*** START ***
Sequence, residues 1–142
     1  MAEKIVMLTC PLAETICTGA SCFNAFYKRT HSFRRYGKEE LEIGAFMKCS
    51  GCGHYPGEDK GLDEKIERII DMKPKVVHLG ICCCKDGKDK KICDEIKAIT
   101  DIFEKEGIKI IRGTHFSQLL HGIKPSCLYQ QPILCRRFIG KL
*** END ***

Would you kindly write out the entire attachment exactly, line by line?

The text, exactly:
Sequence, residues 1–142
     1  MAEKIVMLTC PLAETICTGA SCFNAFYKRT HSFRRYGKEE LEIGAFMKCS
    51  GCGHYPGEDK GLDEKIERII DMKPKVVHLG ICCCKDGKDK KICDEIKAIT
   101  DIFEKEGIKI IRGTHFSQLL HGIKPSCLYQ QPILCRRFIG KL